This year and next see the centenaries of the births of several exceptional British composers, whose music has – it seems, naturally – suffered almost total neglect since their deaths, seemingly going the way of almost all posthumous flesh. They were very different composers with regard to the language and expressive aims of their compositions, but they were each men of considerable artistic integrity, and I knew them all.

The oldest was London-born Peter Racine Fricker (pictured) – a descendent of the French poet. At the time of my own musical awakening – late-1940s & -early-1950s – he was becoming widely regarded as the composer to watch.

Peter was born in 1920. In the 1955 edition of their indispensable book The Record Guide Edward Sackville-West and Desmond Shawe-Taylor commented “Peter Racine Fricker may well prove to be the most important British composer of his generation.”

Well, of course, it didn’t work out that way, but it doesn’t mean they were wrong – after all, there was a handful of significant British composers of that generation, born in the four or five years immediately following World War One, each of whom – in varying degrees – made their mark around the same time: Richard Arnell, Fricker, Robert Simpson, Malcolm Arnold and Iain Hamilton.

With the possible exception of Arnold, the major works of all of them – each exceptionally gifted – has fallen into neglect. Why should this be so? Well, there are many reasons, almost none of which has to do with the quality of their music, which remains the same since the day it was written.

Sackville-West and Shawe-Taylor were not fools. Their ears were finely attuned to musical quality, and they were not alone in their praise, not only of Fricker but also of his contemporaries, as well as of older, more established figures whose music is also, today, almost never heard.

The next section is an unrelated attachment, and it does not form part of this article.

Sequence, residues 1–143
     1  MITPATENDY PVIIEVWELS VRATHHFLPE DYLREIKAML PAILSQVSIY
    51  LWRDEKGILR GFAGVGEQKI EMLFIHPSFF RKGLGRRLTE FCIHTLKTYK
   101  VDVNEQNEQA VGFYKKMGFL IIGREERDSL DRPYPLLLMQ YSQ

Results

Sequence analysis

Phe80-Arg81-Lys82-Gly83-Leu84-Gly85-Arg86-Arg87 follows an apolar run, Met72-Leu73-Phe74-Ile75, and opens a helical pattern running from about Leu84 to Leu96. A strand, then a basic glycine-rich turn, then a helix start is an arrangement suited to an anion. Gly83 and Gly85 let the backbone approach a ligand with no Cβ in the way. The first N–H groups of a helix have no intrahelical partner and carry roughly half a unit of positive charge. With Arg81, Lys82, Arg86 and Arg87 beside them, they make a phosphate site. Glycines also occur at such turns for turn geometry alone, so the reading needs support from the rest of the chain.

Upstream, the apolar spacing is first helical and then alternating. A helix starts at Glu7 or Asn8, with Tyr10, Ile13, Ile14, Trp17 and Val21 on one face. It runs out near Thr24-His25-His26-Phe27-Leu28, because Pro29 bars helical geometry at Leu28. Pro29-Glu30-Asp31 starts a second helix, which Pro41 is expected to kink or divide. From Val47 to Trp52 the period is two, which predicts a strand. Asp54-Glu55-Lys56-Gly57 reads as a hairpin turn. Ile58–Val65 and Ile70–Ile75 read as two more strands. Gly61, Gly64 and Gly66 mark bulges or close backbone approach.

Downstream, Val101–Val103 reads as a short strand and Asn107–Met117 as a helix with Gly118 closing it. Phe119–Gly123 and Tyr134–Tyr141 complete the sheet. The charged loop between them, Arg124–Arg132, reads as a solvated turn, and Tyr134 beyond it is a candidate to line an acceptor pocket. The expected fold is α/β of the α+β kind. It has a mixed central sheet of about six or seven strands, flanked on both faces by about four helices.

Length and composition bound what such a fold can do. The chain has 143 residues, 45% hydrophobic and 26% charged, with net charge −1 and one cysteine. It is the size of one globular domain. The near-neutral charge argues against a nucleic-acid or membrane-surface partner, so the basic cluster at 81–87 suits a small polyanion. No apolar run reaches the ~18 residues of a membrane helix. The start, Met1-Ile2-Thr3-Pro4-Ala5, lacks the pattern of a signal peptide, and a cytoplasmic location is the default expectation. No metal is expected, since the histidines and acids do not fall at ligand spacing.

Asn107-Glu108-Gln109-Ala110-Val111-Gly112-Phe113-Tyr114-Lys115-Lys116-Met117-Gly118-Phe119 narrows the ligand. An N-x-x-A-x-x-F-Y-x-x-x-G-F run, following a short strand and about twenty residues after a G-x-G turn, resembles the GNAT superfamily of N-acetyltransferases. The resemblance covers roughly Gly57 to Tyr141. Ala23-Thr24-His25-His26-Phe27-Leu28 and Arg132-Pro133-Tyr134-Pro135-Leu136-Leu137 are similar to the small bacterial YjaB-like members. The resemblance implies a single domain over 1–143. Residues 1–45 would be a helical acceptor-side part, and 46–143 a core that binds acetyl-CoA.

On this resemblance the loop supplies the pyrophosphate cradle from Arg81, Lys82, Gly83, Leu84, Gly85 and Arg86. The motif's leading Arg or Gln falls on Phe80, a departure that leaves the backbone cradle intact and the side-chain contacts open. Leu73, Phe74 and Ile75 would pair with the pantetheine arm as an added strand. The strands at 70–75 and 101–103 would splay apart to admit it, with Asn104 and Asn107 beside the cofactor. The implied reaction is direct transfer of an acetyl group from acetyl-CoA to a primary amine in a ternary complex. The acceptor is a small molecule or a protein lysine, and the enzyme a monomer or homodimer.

In those days, of course, there were classical record companies – principal of which were EMI and Decca, both British, long-established, whose artists were almost exclusively native musicians, or those whose reputation was made or significantly enhanced by appearances in this country – before, during and after World War Two.

One only has to consider Herbert von Karajan, whose career was made in Britain in the decade following the War, or Otto Klemperer, whose reputation burgeoned when he came to settle in London – in so far as his recordings and concerts were concerned.

Both great conductors were exclusively associated with one of the greatest orchestras in the World at the time – the Philharmonia, which had been formed in 1945 essentially as a recording orchestra in the wake of the decimated ensembles. In that regard, the Hallé in Manchester should always be excepted – but its ‘provincial’ base, as perceived at the time, detracted from its international standing.

Today, those great companies, with their incomparable artistic legacies – including regular monthly complete opera issues, recordings by the greatest singers, conducted by the finest and most experienced musical directors of the opera-house – are no more, the great names of EMI and Decca at best forming small parts of major international ‘media’ conglomerates, with often less-than-wholly-admirable artists recording the same repertoire over and over again, with the same dispiriting sales figures: we need another set of Beethoven Symphonies as much as General Custer needed more Red Indians.